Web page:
Treehugger also interviewed Luca Guala, a transport planner with Systematica, which designed Masdar's PRT system. The system is integral to the city's design. A light-rail line will connect the city with the airport and the existing city center, which is about 20 km distant. No cars will be allowed into Masdar, but multi-story parking garages will located at its perimeter.
TH: Would it be fair to describe PRT as a system of transportation which combines the sustainability of a light rail with the convenience of the private car?

Luca Guala (LG): The PRT system in Masdar City will be a complementary system to the light rail, which will cross the city. PRT is not a system that can move huge masses of people, for that you need a light rail or a metro. A metro can move 60,000 passengers per hour - that's equal to about 20 lanes of highway.

Generally we foresee no more than a three minutes wait for passengers at a [PRT] station, but there may be special occasions when the wait time is longer.

The PRT vehicles will travel at speeds of approximately 7 meters per second, with the longest routes in the city being perhaps 2.5 km. So let's say you reach a station, wait maybe 1.5 minutes for your car to arrive, travel for 5 minutes if your destination is relatively far away, and then exit the station, which will take around a minute. So the longest trips in the city will be around 7, perhaps 10 minutes long.

PRT cars will move along rights of way, approximately 6 meters under street level.

We decided not to build elevated tracks in Masdar. Elevated tracks would put the cars between the first and second floors of buildings, and no one wants to see cars, even silent ones, zooming past their window. Plus a spaghetti grid network might not be so nice to look at from below, and could become a real visual issue in the city's narrow streets.

TH: What will it be like to travel on the PRT system in Masdar?

LG: Passengers would descend a flight of stairs or an elevator to the station.

You will swipe a smart card through a machine, and a welcome message will appear. One option is that the system will recognize you and greet you personally: "Good morning, where do you want to go today?" . . . . [T]he system will say something like, "Your car is arriving in 2 minutes at platform number 3."

Initially, the system will be very simple, with only a couple of stations. During this period, the system will function kind of like an elevator - you press a button and go to the third floor. Think of it as a horizontal lift. Later on it will be more sophisticated, and passengers will be able to get within 100 meters of any destination.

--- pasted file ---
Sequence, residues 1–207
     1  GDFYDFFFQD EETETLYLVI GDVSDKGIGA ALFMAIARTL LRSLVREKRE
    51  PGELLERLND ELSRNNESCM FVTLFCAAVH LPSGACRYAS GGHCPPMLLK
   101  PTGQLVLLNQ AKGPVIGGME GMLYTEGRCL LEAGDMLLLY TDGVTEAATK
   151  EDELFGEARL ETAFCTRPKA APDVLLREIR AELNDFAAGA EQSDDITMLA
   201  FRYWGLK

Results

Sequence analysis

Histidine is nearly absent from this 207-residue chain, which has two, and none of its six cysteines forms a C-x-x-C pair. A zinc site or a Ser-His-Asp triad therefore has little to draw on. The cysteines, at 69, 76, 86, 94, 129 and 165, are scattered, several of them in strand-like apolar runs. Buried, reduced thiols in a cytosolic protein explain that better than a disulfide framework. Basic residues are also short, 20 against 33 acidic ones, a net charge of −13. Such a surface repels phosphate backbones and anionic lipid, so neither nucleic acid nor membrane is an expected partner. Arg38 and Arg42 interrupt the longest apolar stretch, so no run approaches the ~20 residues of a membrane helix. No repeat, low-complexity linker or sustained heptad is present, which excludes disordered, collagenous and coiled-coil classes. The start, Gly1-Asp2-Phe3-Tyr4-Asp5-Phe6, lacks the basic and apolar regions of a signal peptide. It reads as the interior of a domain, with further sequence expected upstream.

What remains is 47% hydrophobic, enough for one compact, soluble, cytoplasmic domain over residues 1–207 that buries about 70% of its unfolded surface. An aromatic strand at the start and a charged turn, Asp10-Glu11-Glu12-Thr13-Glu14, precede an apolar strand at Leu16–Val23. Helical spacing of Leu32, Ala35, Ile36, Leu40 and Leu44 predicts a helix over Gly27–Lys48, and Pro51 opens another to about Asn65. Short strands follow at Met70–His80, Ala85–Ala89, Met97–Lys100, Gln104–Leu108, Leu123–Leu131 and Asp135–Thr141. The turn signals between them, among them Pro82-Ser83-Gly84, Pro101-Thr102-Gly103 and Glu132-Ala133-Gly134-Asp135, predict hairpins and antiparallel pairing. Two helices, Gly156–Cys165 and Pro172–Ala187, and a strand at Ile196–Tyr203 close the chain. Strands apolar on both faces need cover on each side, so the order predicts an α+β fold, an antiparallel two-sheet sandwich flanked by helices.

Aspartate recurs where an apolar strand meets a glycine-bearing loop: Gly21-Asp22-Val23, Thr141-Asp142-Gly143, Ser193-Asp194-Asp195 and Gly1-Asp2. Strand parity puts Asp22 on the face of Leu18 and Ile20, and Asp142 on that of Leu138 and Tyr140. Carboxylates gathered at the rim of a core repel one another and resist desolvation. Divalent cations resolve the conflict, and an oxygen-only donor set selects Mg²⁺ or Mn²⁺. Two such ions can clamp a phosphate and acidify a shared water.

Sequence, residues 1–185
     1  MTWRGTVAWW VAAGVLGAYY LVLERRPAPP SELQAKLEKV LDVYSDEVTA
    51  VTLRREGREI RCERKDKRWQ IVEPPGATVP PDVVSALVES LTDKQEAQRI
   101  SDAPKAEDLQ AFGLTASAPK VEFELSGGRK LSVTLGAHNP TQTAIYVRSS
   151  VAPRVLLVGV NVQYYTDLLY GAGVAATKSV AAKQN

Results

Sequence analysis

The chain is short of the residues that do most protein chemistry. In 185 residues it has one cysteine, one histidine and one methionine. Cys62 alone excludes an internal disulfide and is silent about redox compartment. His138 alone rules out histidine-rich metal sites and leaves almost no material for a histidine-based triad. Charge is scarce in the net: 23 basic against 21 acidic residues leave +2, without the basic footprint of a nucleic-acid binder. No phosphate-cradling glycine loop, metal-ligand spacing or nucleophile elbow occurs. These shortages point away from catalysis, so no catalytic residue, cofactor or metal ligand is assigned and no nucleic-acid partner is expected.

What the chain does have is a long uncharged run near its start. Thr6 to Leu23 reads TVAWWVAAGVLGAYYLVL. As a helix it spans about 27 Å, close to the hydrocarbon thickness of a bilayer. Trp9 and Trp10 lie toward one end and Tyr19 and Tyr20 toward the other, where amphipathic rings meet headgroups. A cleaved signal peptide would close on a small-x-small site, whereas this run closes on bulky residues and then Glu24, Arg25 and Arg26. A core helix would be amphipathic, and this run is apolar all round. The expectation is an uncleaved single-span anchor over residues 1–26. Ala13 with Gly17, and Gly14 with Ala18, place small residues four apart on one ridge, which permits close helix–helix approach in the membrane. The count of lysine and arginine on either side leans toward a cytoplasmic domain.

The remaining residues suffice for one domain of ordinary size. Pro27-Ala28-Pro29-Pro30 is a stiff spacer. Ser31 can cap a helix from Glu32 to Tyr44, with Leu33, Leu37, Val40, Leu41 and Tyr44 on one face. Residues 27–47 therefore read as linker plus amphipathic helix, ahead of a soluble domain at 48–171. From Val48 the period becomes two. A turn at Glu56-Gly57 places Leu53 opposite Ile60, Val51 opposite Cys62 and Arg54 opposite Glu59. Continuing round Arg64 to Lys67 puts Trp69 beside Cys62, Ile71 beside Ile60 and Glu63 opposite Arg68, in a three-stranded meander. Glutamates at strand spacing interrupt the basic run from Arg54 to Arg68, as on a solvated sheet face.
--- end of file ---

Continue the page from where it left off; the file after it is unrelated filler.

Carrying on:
The cars will not run on tracks, but will operate within a kind of grid network, and take the shortest paths to get where they need to be. The cars will have wheels, and will be battery powered.

TH: How was the system planned out?

LG: . . . [S]omething like a conference center, which attracts a lot of people all at once, could become a local generator of congestion. So we said: let's move it slightly to the side. The end result is a large patchwork of land uses, with none of the city's districts clearly defined by a single use, like offices, residential and so on. That is ideal from a transit perspective, because it diffuses demand.

In Masdar, you will be able to live very close to where you work. The districts will be in use at all hours. There will be nodes of activity at the intersections of routes, but the trick is that each node does not serve people doing the same thing and traveling at the same time - thus no traffic [congestion] is created.

TH: How did the specific cultural context in Abu Dhabi affect the planning?

LG: Well, I am Italian. I bring with me a certain cultural model - namely the good parts of the Italian city. I think it is possible to apply the Italian city model in Abu Dhabi to a certain extent. But you can't just transplant something to another culture and make it work.

The classic Arabic city has many similarities to the Italian city. There was a common way of living in the Mediterranean Basin, in Christian as well as Muslim areas. From a town planner's perspective, the classic Arabic "medina" [dense Middle Eastern city with narrow streets] and Venice are similar. Masdar City takes its inspiration more from the Arabic medina than from the Italian city.

There are other cultural preferences involved here as well. People in Europe are used to taking public transport. It's not necessarily like that here. Plus there is more sensitivity here to the privacy of the family, which led us to suggest a different kind of system, more suited to the local cultural context.

TH: Is PRT cost-efficient?

LG: This will be an expensive system. It has to be that way, because it's a prototype. From an energy perspective it's extremely cost-efficient, which is what Masdar [the Masdar Initiative is the corporate body that is building Masdar City] wants. The maintenance of a system like this is more expensive than that of a system based on buses, but the level of service is absolutely unreachable by other forms of public transportation.

The huge advantage of PRT is that it is "on demand," including during off-peak hours. During peak hours, PRT is less efficient than public transport. But PRT is a 24-hour service, just as available during off- peak hours as it is during peak hours. This is much more efficient than running empty buses all night. There are advantages in terms of personal security as well - no long waits in the middle of the night, for example.